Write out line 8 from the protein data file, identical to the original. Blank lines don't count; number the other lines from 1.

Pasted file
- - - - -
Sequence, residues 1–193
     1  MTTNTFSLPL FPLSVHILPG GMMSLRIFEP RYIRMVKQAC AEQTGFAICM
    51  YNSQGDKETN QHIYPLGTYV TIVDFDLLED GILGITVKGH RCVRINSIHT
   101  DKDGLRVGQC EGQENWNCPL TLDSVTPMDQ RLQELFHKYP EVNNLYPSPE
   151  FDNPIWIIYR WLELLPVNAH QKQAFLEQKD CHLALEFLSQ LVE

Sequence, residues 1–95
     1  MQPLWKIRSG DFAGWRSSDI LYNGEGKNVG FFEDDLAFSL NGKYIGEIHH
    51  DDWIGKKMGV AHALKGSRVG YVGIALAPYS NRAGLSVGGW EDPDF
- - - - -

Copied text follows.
    51  DDWIGKKMGV AHALKGSRVG YVGIALAPYS NRAGLSVGGW EDPDF